Asking people if they have caught anything or what they are trying to catch will certainly help establish the piscatorial species that are on offer at that particular spot. A quick peek into their bucket also provides additional evidence for you to determine what’s on offer. Don’t ever be afraid to ask a question. Most fishing folk don’t mind a chat when things are slow on the jetty and you will find that people are more than happy to pass on information and some tips to polite, interested onlookers.
If you have the jetty all to yourself then your eyes will need to do some reconnoitring duties. You will have to look for evidence that confirms fishing opportunities exist. Scan for ink stains on the jetty planks you’ve walked past the weed line in the water. The weed line is where the bare beach sand turns into areas of ribbon weed beyond the turbulent wave zone.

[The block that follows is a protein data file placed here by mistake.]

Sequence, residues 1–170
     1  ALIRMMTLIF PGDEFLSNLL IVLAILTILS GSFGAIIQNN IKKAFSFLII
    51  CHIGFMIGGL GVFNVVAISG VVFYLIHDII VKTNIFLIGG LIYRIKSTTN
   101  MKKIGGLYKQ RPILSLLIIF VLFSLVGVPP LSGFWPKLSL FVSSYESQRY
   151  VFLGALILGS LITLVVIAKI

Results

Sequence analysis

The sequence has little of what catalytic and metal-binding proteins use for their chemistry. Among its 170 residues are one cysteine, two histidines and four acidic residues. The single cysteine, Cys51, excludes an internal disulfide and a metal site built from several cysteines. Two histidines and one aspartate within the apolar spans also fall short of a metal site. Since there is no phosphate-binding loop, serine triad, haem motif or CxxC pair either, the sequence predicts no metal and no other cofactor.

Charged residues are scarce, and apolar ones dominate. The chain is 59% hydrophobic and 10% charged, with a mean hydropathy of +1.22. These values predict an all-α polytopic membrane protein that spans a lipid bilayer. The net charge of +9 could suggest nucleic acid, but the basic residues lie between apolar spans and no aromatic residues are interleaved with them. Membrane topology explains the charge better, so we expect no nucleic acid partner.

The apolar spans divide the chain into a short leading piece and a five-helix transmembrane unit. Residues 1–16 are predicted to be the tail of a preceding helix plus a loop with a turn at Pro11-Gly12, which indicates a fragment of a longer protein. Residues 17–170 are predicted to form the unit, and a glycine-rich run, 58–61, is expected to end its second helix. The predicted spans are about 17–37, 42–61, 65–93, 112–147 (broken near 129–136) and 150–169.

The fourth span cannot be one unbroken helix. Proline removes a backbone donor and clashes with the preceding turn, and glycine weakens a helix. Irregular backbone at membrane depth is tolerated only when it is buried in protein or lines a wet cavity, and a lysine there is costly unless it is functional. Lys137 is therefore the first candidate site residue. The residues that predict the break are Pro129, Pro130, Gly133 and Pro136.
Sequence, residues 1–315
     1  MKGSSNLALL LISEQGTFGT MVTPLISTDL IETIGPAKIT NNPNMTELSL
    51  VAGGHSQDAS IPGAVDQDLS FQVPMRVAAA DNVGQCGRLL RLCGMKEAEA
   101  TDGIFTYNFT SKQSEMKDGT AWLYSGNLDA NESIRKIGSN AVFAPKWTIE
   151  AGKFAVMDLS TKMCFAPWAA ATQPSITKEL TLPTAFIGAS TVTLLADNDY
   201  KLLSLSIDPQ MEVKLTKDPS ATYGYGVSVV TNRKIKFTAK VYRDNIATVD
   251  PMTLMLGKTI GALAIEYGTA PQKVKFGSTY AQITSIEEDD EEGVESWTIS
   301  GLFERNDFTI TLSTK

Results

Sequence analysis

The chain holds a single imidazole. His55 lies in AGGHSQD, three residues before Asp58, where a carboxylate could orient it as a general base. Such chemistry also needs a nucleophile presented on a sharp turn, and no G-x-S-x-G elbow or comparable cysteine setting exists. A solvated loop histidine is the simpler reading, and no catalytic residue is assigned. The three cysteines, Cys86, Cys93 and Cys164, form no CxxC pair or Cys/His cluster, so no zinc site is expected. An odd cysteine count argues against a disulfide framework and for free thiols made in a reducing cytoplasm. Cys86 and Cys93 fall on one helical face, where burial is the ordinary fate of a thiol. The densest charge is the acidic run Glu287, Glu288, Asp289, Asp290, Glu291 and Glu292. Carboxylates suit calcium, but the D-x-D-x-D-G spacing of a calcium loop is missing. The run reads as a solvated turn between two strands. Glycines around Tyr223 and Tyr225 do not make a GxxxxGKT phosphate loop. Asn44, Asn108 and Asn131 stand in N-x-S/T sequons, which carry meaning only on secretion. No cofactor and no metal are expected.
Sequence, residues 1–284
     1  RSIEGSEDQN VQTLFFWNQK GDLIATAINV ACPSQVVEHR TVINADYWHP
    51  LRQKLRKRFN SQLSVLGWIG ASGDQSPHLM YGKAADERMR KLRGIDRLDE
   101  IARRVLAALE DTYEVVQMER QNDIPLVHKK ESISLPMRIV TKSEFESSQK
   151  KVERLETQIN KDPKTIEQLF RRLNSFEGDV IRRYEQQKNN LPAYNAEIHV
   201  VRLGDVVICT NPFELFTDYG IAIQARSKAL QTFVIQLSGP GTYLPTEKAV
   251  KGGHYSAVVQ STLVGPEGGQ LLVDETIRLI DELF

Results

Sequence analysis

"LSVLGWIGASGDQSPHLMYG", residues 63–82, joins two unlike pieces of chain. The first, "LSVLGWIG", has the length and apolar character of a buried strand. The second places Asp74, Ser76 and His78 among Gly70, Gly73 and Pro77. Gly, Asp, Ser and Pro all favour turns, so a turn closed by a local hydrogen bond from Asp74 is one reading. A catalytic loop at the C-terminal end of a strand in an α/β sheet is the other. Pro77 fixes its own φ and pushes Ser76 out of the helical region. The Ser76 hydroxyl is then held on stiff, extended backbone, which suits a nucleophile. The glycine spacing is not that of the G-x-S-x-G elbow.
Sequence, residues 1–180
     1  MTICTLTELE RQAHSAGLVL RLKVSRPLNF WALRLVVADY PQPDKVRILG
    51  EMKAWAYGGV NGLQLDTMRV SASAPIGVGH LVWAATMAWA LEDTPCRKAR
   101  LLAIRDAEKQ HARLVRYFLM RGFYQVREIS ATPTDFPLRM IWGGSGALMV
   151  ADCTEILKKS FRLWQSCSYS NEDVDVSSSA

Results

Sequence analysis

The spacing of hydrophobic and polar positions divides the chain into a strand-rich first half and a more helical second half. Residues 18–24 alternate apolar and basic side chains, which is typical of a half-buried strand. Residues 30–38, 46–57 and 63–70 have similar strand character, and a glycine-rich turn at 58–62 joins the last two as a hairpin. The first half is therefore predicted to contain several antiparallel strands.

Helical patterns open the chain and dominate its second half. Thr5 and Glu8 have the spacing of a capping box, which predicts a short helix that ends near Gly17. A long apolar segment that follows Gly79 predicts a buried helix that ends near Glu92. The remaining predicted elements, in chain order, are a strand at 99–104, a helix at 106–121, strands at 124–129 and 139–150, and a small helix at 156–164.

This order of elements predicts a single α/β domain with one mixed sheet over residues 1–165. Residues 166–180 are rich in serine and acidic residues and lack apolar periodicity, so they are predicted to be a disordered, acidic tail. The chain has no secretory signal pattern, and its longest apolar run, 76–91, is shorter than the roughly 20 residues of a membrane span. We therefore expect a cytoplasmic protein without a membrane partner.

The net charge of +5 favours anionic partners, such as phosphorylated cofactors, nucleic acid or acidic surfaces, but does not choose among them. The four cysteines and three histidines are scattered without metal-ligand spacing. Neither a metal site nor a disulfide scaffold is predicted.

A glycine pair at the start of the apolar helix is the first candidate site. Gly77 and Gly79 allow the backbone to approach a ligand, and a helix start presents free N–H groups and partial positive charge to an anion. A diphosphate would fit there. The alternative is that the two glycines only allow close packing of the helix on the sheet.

If you find ink stains then it’s fair to say ‘game on’ and calamari is definitely on the menu. The next step is to identify areas where the ink stains are concentrated, where there are multiple stains overlaying other stains. These areas of condensed ink stains represent the prime locations on the jetty to catch squid.
Once you’ve finished your investigative stroll along the jetty you should head to the local fishing tackle shop. Depending on the size of the town this could be a stand-alone tackle shop or just part of a service station. Buy bait in the area so you can gain some extra local knowledge while at the shop purchasing supplies. Remember that people talk and those running the tackle shops will certainly have an idea on what’s biting at that moment and what baits are best. A generic purchase from the local shop should be a bag of frozen whole baitfish such as tommy ruff (Australian herring) and maybe a squid jag or two from the discount bin to add to the collection.